In this respect, many Green parties in Europe have been only marginally differen
t from conventional parliamentary parties. Nor have socialist parties, with all
their various labels, exhibited any basic differences from their capitalist coun
ter parts. To be sure, the indifference of the Euro-American public its apolitici
sm
is understandably depressing. Given their low expectations, when people do vot
e, they normally turn to established parties if only because, as centers of powe
r, they cart produce results of sorts in practical matters. If one bothers to vo
te, most people reason, why waste a vote on a new marginal organization that has
all the characteristics of the major ones and that will eventually become corru
pted if it succeeds? Witness the German Greens, whose internal and public life i
ncreasingly approximates that of other parties in the new Reich.
That this political process has lingered on with almost no basic alteration for de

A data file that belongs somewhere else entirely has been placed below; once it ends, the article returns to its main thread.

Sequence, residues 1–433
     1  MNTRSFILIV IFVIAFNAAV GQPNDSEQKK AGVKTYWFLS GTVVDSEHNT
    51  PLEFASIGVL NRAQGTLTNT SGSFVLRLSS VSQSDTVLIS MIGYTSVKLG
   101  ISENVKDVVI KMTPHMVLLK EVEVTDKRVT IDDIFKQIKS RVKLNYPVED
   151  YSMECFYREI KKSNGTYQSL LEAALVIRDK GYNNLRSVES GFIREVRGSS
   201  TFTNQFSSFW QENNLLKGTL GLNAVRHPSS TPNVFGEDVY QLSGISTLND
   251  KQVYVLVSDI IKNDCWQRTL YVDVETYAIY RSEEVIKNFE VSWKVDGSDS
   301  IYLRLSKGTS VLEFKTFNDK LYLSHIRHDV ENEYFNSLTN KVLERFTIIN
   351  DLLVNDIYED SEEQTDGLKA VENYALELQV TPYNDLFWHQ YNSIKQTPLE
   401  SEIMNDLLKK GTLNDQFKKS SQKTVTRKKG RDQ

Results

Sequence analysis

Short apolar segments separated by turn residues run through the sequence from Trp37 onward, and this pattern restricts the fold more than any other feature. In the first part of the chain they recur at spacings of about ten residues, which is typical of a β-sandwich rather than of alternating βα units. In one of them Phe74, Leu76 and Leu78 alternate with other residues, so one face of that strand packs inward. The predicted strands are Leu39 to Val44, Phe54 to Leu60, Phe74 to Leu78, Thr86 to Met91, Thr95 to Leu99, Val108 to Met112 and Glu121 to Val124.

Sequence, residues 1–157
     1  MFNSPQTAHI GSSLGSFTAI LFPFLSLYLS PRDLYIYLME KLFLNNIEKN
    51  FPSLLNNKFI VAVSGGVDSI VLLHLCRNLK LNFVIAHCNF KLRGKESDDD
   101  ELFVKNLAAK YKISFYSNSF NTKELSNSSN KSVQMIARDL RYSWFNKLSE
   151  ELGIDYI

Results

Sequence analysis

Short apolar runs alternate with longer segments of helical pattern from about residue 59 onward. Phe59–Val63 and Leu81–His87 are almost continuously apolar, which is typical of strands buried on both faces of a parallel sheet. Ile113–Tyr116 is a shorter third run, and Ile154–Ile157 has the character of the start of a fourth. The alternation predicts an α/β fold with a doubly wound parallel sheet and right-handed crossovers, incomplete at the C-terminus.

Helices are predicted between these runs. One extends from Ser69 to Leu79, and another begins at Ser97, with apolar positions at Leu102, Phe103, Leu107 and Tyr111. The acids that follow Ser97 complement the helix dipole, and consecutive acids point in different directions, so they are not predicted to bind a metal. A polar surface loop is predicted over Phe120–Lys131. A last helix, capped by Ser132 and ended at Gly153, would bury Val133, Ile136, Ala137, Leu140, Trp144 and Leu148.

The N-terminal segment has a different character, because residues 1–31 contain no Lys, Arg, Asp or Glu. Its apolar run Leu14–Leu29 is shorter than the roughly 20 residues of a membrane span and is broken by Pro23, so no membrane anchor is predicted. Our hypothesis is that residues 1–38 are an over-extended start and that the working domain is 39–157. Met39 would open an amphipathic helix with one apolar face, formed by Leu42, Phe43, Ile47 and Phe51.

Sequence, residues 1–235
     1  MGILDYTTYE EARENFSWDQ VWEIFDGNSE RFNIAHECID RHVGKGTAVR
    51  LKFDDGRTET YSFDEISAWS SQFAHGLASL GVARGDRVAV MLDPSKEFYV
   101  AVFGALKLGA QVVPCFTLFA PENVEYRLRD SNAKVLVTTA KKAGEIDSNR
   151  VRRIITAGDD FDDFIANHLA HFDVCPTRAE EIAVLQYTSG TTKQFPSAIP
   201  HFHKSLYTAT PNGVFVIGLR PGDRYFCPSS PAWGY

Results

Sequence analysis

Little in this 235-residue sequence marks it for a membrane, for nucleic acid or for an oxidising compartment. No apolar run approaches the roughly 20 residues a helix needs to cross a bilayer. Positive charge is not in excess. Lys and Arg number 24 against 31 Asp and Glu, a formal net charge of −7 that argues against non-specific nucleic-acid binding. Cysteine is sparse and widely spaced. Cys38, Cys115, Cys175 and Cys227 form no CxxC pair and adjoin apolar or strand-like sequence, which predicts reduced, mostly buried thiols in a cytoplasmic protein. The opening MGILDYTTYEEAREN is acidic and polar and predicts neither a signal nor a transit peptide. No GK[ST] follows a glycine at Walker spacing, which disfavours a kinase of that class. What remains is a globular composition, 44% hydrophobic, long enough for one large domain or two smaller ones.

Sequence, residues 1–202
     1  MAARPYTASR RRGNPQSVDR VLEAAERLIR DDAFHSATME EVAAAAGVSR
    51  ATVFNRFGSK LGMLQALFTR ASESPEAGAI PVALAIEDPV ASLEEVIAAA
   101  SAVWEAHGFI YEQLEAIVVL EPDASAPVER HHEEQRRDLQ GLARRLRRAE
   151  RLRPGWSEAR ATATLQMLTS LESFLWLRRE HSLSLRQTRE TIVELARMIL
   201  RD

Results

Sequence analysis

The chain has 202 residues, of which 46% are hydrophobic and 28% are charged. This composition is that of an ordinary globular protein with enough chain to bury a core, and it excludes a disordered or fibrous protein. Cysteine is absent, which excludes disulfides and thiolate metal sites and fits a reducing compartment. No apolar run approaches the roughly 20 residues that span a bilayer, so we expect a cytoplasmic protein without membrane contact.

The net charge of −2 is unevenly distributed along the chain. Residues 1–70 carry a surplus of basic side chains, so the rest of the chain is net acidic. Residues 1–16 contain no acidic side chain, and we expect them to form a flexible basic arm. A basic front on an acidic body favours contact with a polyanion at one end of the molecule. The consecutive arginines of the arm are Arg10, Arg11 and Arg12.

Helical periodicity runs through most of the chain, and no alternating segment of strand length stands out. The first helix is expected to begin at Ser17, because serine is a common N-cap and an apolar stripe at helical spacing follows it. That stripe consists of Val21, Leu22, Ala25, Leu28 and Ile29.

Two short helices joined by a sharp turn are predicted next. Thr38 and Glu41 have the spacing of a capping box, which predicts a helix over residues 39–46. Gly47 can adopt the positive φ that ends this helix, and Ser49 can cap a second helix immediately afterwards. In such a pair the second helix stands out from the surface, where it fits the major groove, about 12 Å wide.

cades now is due in great part to the inertia of the process itself. Time wears
expectations thin, and hopes are often reduced to habits as one disappointment i
s followed by another. Talk of a new politics, of upsetting tradition, which is as
old as politics itself, is becoming unconvincing. For decades, at least, the ch
anges that have occurred in radical politics are largely changes in rhetoric rat
her than structure. The German Greens are only the most recent of a succession o
f nonparty parties (to use their original way of describing their organization) th
at have turned from an attempt to practice grassroots politics
ironically, in th